By Binyamin Appelbaum and David Cho
Washington Post Staff Writer
Thursday, March 18, 2010; A12
The Treasury Department invested in large and small banks during the financial crisis. So far, the big bets are paying off better than the smaller ones.
While the largest banks have borne the brunt of criticism for their role in triggering the crisis, they were among the quickest to give back their federal bailout funds. Sales of the warrants that these firms were required to hand over to the federal government as a condition of the aid also proved lucrative for the Treasury.
But hundreds of community banks have yet to return their bailouts. More than 10 percent of the 700 banks that got federal bailouts and are still holding the money even failed to pay the government a quarterly dividend in February. The list of 82 delinquent banks is significantly longer than the 55 banks that failed to make payments in November, according to an analysis by Linus Wilson, a finance professor at the University of Louisiana at Lafayette.
Wilson calculated that the missed payments totaled $78.1 million in February and that banks now have missed a total of $205 million in dividend payments to the government.
Many of the community banks still holding aid from the Troubled Assets Relief Program are struggling with losses on real estate development loans.
"The ones that are still in TARP are not as healthy as the ones that left," Wilson said. He added that the missed payments suggested the government "probably extended TARP too far, and did not do a lot of due diligence."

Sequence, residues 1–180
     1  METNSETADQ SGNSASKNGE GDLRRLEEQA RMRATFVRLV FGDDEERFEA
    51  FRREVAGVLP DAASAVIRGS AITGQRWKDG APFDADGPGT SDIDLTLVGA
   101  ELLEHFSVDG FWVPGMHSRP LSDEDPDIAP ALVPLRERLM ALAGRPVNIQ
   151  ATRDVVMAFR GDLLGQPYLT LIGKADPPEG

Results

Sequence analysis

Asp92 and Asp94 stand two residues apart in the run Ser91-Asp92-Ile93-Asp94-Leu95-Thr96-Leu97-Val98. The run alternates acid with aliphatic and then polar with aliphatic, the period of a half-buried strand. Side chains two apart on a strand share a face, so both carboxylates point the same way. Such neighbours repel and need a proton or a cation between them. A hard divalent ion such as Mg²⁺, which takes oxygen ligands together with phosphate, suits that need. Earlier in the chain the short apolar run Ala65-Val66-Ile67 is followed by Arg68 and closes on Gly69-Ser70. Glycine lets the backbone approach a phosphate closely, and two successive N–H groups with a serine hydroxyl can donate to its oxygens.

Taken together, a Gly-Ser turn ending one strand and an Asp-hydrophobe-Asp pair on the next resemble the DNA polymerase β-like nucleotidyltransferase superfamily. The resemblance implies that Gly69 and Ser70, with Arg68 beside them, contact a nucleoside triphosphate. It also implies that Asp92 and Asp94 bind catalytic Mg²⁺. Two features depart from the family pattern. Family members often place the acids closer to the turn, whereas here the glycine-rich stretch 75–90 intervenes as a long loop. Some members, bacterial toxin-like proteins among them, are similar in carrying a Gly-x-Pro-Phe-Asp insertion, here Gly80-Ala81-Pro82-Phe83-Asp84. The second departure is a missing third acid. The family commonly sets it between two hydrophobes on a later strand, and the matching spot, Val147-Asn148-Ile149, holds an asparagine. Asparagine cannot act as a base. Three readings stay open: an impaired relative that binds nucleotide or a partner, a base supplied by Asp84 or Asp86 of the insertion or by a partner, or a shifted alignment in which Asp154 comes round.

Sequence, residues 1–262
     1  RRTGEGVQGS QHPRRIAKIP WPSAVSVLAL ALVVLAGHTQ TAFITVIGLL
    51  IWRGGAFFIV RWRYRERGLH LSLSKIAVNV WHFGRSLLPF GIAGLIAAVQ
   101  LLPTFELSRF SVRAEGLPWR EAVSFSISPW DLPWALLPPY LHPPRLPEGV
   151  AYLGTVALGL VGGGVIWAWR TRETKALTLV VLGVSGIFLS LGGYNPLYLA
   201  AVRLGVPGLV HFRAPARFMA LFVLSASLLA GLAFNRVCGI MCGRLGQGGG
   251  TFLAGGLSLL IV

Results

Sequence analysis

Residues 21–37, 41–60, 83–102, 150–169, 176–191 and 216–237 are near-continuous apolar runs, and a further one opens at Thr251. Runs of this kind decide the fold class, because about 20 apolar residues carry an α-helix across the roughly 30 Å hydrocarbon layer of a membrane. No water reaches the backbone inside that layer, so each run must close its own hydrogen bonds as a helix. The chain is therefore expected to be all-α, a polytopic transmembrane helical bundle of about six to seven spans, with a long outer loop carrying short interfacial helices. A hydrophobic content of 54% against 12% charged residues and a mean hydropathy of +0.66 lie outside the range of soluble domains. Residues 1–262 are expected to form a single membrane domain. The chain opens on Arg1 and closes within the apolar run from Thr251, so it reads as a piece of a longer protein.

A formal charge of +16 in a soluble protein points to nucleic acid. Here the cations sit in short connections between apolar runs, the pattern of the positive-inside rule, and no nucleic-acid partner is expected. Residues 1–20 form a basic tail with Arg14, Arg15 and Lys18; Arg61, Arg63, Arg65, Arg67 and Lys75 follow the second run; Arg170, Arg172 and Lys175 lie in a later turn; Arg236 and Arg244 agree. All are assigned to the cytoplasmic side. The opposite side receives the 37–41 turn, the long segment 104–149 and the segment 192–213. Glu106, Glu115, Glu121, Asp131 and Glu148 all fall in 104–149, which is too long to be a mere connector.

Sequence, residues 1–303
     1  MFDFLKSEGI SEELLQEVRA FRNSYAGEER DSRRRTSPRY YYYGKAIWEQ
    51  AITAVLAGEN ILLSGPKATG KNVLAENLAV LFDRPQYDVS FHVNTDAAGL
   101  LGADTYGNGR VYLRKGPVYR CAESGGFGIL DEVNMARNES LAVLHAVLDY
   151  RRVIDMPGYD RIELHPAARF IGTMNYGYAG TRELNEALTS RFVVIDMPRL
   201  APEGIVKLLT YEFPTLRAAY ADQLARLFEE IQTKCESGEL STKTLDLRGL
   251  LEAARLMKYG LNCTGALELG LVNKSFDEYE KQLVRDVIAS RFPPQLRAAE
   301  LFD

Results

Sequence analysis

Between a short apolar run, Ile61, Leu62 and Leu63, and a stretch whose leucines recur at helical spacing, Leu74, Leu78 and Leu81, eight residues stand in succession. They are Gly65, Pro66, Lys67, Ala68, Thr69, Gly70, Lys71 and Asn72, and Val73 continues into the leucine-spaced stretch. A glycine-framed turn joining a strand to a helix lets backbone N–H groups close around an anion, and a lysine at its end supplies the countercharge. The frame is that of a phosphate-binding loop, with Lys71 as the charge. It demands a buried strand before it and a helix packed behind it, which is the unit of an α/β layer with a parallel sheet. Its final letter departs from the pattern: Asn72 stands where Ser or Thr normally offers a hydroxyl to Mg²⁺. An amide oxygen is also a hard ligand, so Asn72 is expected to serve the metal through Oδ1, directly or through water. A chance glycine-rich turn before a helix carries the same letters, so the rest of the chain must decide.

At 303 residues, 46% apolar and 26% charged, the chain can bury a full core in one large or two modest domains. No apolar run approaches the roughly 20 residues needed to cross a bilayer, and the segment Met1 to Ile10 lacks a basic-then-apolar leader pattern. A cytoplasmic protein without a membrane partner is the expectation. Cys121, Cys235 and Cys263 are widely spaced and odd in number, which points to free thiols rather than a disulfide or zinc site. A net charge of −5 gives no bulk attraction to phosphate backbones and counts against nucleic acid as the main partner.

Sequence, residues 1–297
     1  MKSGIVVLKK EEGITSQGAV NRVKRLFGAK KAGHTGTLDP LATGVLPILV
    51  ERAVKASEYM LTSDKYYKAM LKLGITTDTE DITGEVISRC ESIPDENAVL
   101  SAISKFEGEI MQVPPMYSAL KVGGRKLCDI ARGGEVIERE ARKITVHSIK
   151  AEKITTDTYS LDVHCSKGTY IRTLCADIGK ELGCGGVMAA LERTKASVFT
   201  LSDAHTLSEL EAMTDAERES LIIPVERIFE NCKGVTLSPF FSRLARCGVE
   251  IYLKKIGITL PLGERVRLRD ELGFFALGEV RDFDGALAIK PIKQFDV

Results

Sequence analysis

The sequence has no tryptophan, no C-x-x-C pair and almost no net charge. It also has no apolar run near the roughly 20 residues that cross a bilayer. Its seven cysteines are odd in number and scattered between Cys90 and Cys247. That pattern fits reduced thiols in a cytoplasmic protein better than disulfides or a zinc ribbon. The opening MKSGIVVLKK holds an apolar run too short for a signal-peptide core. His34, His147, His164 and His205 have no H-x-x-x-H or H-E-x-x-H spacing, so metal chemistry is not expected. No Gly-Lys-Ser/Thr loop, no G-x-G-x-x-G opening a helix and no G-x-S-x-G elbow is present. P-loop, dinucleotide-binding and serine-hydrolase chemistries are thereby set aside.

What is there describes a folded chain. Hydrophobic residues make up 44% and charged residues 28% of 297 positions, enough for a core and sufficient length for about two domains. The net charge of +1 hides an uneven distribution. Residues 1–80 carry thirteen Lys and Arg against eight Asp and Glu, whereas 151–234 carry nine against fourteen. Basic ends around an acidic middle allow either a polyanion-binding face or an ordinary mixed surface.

Most banks that got federal aid agreed to pay the government a 5 percent dividend in quarterly installments. In some cases, banks that missed payments must make them up later, but other banks were not required to do so.
Thirteen banks have now missed four dividend payments, including OneUnited Bank of Massachusetts, which got government aid after Rep. Barney Frank (D-Mass.) inserted language into the bailout bill that effectively directed Treasury to give the bank special consideration.
The list of banks missing payments for the first time included South Financial Group of South Carolina and Citizens Republic of Michigan, both of which rank among the nation's 100 largest banks, with about $12 billion in assets each.
Meanwhile, the largest nine banks, including Goldman Sachs, J.P. Morgan, Citigroup and Bank of America, have repaid their aid. Treasury is now focused on selling their warrants, which are contracts that allow the holder to buy more of a company's shares in the future at a fixed price. The goal of requiring the warrants was to ensure that taxpayers would see a return once the banks recovered.
Initially the agency tussled with some of the big banks over what price the firms would pay to buy back the warrants. In J.P. Morgan's case, the two sides could not agree on a price last year, so a public auction of the warrants was used instead.
Before the bidding, some Treasury officials were worried whether the process would fetch a high enough price. But the results and an internal analysis conducted by Alan Krueger, assistant secretary for economic policy, confirmed Treasury's faith in the auctions. Krueger said his work demonstrated that the auctions weren't being manipulated -- no single bidder had a significant impact on the final price, for instance.
So far the government has received more than $3.5 billion from selling the warrants, including $950.3 million from J.P. Morgan and $1.54 billion from Bank of America.